Astou Ndiaye (Keynote)
Simon A. Akindes
Garrett Ash
Derek Catsam
Pascal Charitas & Claude Kemo-Keimbou
Decius Chipande
Mark Crandall
Laya Djonobaye
Andrew Guest
Henri Kah
Matthew Kirwin
Flavius Mokake & Samba Camara
Walter Nkwi
Chuka Onwumechili & Sunday Oloruntolo
Kwabena Owusu-Kwarteng
Martin Sango Ndeh
Karin ter-Horst
Anna Tranfaglia
Ali Ziyati

Chuka Onwumechili
Howard University

Sunday Oloruntola
University of Lagos, Nigeria

Nigeria, Football Fan Identity, and Transnational Media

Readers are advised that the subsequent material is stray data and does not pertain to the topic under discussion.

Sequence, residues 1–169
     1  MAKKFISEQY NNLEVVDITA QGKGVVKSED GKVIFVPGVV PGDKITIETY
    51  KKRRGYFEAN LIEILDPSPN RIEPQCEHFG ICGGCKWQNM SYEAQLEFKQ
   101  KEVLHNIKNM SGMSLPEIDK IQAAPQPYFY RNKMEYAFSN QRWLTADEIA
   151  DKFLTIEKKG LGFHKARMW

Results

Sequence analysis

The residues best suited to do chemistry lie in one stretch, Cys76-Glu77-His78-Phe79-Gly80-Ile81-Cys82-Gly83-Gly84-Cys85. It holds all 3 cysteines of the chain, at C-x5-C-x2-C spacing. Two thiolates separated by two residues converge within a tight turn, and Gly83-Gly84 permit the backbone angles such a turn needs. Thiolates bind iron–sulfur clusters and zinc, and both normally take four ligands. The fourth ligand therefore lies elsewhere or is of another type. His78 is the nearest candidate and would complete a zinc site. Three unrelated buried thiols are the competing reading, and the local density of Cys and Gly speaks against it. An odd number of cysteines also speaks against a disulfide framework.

Abstract: This paper is a report of a quantitative survey of 312 Nigerian football fans to ascertain the relationship between their consumption of transnational media and attitudes toward foreign football and identification with foreign football. Thomas McPhail’s Electronic Colonialism Theory (ECT) is used as a framework for the study and, thus, several claims of the theory are tested in the process. Results of the study show that Nigerian fans have a positive attitude toward foreign football and express significant identification with European football teams and football players. However, there was low identification with European football artifacts leading to questions whether previous studies overstate identification with such artifacts. Importantly, the study also found some demographic correlations with fan attitude and/or identification with foreign football. These important demographic variables are frequency of transnational media usage and gender of the football fan!

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